CDC e-HAP FYI Updates: CDC Releases 2011 HIV Surveillance Report

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February 28, 2013

 

 

Dear Colleague:

 

Today, the Centers for Disease Control and Prevention (CDC) released its 2011 HIV Surveillance Report. This report presents data on diagnoses of HIV infection through 2011, and reported to CDC through June 2012. For the first time, CDC is able to present data on diagnosed HIV infection from all 50 states, the District of Columbia, and 6 territories. Now we have a complete picture of diagnosed HIV infection in the U.S. and potential trends in HIV diagnoses for the U.S. can be examined. Surveillance data shows that HIV remains a significant threat. From 2008-2011, the annual estimated number and rate of diagnoses of HIV infection among Americans remained stable in the U.S., yet in 2011, an estimated 49,273 Americans were diagnosed with HIV—far too many.

 

As evidenced by this report and other previously released data , HIV continues to have a devastating toll on Americans, particularly men who have sex with men (MSM) and racial/ethnic minorities:
 

  • MSM represents two percent of the U.S. population but 62 percent of all HIV diagnoses are attributed to male-to-male sexual behavior.
  • African-Americans represent 12 percent of U.S. population but 47 percent of diagnoses of HIV infection.
  • Latinos account for 16 percent of U.S. population, but 21 percent of HIV diagnoses.

 At the end of 2010, there were an estimated 872,990 persons in the U.S. living with diagnosed HIV infection. For all people with HIV, it is important to encourage prevention practices and to ensure everyone is fully engaged in care including testing, getting linked to HIV medical care, remaining in care, and receiving treatment.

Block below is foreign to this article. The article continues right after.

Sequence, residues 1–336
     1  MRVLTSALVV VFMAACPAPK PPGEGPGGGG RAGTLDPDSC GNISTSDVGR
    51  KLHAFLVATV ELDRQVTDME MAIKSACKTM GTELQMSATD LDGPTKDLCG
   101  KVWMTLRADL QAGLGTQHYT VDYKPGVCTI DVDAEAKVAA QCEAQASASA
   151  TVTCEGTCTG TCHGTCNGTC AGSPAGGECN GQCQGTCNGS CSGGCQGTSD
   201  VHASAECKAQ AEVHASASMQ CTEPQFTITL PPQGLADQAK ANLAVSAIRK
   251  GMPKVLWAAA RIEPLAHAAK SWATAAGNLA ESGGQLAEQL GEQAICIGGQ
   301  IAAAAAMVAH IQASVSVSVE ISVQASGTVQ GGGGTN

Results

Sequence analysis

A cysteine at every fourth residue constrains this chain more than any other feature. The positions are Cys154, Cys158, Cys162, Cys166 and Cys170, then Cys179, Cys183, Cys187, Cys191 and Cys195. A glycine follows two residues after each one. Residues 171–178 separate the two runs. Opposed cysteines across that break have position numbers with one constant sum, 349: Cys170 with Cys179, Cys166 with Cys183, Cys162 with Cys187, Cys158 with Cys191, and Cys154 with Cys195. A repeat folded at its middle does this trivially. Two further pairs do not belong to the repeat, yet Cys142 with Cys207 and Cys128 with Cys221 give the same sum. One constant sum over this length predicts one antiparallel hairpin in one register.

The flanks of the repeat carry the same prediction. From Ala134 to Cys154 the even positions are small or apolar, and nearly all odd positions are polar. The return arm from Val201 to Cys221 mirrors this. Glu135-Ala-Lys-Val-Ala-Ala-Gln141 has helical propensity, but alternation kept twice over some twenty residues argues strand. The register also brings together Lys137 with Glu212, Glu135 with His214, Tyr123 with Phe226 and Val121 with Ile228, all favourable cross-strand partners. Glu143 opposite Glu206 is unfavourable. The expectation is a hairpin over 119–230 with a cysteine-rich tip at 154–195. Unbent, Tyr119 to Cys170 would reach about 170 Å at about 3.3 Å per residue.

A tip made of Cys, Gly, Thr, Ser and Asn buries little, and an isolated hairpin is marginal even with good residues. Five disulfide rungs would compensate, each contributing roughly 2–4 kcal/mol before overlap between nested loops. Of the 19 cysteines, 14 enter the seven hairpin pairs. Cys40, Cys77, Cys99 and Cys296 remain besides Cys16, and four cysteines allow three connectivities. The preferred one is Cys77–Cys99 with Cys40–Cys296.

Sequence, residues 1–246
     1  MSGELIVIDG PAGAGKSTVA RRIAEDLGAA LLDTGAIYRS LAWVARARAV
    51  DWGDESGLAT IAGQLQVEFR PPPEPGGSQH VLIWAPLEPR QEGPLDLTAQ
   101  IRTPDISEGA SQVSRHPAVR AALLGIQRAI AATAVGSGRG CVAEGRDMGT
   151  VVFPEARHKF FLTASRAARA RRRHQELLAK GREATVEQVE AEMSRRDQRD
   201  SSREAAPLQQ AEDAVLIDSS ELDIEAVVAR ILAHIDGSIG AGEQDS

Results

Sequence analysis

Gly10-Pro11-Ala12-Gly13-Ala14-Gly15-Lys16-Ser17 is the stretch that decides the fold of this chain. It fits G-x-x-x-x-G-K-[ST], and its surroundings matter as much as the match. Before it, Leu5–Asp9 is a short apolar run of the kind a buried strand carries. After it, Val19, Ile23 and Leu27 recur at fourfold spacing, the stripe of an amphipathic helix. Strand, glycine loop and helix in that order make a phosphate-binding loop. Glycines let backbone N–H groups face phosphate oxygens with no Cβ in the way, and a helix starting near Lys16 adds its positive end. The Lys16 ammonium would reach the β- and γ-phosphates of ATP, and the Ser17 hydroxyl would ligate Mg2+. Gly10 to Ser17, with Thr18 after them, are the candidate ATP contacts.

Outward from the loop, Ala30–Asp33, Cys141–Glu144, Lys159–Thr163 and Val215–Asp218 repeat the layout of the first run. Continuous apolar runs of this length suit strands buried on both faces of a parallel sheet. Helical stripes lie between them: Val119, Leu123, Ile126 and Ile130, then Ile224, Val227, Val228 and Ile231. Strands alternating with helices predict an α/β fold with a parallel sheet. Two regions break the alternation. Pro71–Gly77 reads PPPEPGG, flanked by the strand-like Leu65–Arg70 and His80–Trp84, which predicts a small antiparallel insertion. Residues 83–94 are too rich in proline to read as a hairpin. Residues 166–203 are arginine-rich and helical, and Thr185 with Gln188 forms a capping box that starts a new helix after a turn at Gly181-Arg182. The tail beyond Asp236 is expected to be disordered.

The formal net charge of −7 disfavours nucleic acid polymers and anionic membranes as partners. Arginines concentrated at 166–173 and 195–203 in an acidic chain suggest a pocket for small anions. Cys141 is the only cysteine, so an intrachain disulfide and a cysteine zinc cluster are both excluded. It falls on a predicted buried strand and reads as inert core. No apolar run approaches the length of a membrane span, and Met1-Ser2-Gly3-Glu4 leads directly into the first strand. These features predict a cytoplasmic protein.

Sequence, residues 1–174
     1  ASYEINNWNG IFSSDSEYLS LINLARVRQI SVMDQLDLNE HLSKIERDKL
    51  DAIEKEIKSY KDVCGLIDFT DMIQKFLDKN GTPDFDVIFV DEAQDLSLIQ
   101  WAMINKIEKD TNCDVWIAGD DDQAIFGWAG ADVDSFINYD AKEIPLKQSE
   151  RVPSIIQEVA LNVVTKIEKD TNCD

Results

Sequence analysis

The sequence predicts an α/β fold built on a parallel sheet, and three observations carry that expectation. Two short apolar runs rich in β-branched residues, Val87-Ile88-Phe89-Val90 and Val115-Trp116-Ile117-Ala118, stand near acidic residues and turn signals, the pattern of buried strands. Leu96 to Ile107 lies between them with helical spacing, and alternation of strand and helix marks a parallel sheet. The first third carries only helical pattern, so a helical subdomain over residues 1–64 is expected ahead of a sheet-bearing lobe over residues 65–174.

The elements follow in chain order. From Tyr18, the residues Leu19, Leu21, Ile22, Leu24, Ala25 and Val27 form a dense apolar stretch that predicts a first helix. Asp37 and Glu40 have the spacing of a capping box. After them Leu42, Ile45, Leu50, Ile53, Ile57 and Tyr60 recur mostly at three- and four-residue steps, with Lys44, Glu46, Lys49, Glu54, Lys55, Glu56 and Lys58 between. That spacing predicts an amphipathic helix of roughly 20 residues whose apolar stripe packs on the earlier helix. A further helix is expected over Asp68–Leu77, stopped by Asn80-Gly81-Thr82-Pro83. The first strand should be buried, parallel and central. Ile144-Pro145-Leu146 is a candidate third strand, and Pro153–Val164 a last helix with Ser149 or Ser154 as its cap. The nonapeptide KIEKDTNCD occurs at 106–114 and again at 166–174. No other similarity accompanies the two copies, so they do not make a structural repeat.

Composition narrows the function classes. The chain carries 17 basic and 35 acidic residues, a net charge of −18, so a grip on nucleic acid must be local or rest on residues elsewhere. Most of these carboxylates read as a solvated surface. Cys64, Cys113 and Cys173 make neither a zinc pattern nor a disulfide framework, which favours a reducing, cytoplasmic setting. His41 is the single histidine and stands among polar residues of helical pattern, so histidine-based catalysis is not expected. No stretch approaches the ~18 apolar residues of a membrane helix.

In addition to new data on diagnosed HIV infection in the U.S., CDC’s 2011 HIV Surveillance Report has some new elements. HIV diagnosis data by region of residence are presented for the first time to give a better understanding of the geographic distribution of diagnosed HIV infectionin the U.S. Also, data in this report are presented using stage of disease to classify HIV infection, as defined by the 2008 revised HIV case definition. CD4 information and the presence or absence of AIDS defining condition are used to determine HIV infection stages. The term “diagnosis of HIV infection” is defined as HIV regardless of stage of disease. The term “HIV infection, stage 3 (AIDS)” refers specifically to persons with diagnosed HIV whose infection was classified as stage 3 (AIDS) during a given year (for diagnoses) or whose infection has ever been classified as stage 3 (AIDS) (for prevalence and death data). In previous reports, stage 3 (AIDS) was described simply as “AIDS”.

 

To put the surveillance report’s findings in context, CDC has also released a fact sheet, HIV in the United States, which draws on multiple sources to provide an overall picture of the HIV epidemic in the United States. The 2011 HIV Surveillance Report and accompanying fact sheet are posted on the Division of HIV/AIDS Prevention’s website:

http://www.cdc.gov/hiv/surveillance/resources/reports/2011report/index.htm.

 

We hope this report is useful to you as we continue to work together to reduce this unacceptable burden of HIV infection. Thank you for your continued commitment to HIV prevention.

 

Sincerely,

  

/Jonathan H. Mermin M.D., M.P.H./                                       

Director                                                                                         

Division of HIV/AIDS Prevention                                              

National Center for HIV/AIDS, Viral Hepatitis, STD, and TB Prevention

                                                                                                        

/Norma Harris, Ph.D, M.S.P.H./

Acting Deputy Director for Surveillance, Epidemiology and Lab Sciences

Division of HIV/AIDS Prevention

National Center for HIV/AIDS, Viral Hepatitis, STD, and TB Prevention        

  

 Access the CDC 2011 HIV Surveillance Report, and the fact sheet HIV in the United States.

 

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